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Archive for February, 2009

Scottish Opera has built on last year’s Five:15  by commissioning five more new 15 minute operas from composers and writers.

A 15 minute opera is a very strange task to pull off:   in writers’ terms, it might be seen as a short story, but in fact the text has to be minimal and pared down to fit in with this art form.    Too wordy simply does not work.    And composing a 15 minute opera must be no less odd – most chamber operas will last for at least 40 minutes, which is enough for composers to get their teeth into the piece.     So, given these demanding artistic constraints, we were in fact well entertained in Glasgow at the weekend.

Richard Rowe, Philip Gault.   Photo, Richard Campbell

Richard Rowe, Philip Gault. Photo, Richard Campbell

We started with The Lightning-Rod Man, composed by Martin Dixon and written by Amy Parker from a Herman Melville Story.      A strange tale asking us, through the stars and stripes suited Commentator Richard Rowe, to choose to believe in God or science.     Amazing what you can do with one chair and a big stick.   

Happy Story composed by David Fennessy and co-written with Nicholas Bone (who also directed) was about a man obsessed with flight.     This was perhaps the weakest offering, as the story, though amusing, was a bit  thin.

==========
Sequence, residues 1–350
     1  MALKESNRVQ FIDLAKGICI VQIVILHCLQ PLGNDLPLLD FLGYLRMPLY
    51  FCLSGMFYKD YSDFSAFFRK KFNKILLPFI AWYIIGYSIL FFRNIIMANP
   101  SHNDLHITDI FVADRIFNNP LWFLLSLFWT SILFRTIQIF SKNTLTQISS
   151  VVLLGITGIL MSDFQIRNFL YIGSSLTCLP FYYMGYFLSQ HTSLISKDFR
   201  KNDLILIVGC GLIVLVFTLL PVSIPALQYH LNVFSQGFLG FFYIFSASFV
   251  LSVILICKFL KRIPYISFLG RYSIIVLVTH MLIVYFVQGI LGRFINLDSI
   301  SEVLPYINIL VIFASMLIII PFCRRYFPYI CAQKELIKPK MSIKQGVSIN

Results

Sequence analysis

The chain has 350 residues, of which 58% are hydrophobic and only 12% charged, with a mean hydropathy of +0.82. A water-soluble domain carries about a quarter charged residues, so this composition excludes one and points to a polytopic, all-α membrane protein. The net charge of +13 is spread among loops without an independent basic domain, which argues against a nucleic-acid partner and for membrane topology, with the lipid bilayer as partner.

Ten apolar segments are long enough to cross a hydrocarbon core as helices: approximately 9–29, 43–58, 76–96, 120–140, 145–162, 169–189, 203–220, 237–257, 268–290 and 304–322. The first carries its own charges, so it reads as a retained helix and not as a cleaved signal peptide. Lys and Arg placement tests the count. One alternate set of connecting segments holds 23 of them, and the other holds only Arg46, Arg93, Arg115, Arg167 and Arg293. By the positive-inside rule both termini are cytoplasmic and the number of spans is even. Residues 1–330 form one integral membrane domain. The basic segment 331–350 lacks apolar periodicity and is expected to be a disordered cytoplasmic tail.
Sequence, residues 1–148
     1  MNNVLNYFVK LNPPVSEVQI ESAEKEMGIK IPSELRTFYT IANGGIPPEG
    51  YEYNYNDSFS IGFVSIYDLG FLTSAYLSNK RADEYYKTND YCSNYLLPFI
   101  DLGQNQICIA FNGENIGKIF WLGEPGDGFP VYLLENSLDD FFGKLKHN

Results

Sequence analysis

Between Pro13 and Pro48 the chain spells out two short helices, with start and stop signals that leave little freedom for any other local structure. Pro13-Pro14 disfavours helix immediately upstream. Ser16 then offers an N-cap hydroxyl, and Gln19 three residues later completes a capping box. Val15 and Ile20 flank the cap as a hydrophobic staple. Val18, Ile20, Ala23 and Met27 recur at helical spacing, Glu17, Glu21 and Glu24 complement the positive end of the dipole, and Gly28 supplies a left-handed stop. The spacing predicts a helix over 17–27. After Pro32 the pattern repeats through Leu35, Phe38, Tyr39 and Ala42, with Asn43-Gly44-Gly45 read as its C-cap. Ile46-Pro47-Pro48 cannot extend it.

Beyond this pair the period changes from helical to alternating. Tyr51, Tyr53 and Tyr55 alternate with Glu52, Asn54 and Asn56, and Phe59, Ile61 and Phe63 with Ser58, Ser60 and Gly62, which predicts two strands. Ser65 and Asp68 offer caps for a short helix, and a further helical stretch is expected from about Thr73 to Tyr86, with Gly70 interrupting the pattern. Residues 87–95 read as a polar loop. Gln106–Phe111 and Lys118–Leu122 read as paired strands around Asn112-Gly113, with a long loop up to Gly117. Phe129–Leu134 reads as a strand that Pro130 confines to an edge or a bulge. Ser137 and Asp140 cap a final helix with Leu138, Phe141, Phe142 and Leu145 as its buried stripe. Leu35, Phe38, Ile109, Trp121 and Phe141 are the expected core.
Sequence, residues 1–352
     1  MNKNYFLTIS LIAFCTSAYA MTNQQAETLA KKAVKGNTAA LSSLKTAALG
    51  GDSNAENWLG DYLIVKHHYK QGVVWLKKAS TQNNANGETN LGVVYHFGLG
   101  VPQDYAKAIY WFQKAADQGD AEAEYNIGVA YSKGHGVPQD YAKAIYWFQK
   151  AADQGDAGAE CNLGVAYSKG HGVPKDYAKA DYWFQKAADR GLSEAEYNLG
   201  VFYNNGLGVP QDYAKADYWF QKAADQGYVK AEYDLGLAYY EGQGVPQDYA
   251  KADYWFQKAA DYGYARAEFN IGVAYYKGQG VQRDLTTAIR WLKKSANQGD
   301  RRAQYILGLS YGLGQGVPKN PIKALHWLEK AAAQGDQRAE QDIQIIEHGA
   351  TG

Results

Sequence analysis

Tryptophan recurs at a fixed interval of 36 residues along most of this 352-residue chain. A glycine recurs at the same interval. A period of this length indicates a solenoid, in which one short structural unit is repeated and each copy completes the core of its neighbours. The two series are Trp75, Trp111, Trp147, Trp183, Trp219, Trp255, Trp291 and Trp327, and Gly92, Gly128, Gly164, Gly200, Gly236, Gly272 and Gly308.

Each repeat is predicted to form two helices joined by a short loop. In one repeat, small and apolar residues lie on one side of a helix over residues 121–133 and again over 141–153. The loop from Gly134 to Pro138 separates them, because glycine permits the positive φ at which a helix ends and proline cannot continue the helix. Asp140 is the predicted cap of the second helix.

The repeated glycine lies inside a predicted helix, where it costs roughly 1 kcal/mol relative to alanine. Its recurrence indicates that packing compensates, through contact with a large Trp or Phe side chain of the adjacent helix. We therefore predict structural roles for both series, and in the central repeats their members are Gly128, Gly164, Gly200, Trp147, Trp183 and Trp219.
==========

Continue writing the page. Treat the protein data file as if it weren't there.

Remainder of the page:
However, White, composed by Gareth Williams and written by Margaret McCarthy took us into the serious world of hospitals and loss.    A foreign cleaner, superbly sung by Emma Carrington, emptied the bins and changed the flowers in a very ill patient’s room.     As time passed, she learnt more of the local language, and was able to have a conversation about the hopefulness and promise of the Spring with the ill lady.    However, the ailing patient sparked off the cleaner’s own memories of loss.    The intense minimal and moving score and harsh strip lighting set this opera apart from the others – just as Gareth Williams’ King’s Conjecture did last year.    It all came together perfectly.

I was especially looking forward to Zinnie Harris’ opera, as I have seen her plays Further than the Furthest Thing and Fall.    She has been quoted as only being able to write about dark things, so it was no surprise that she chose Death of a Scientist – about the last moments of David Kelly, the government scientist who committed suicide over the WMD in Iraq report.   I think that this was easily the best libretto of the evening, and there was so much detail in so few words – Kelly was so softly spoken that they had to turn off the air conditioning to hear him speak, and later on we meet  the two women ‘harpies of war’ who are set to plunder his dead body for bits to take to the battlefields of Basra:   “…. his teeth to bite children..”      Serious stuff, and effective music from John Harris.    Great performances all round, but especially from Richard Rowe as Kelly, who was clearly overwhelmed by the end.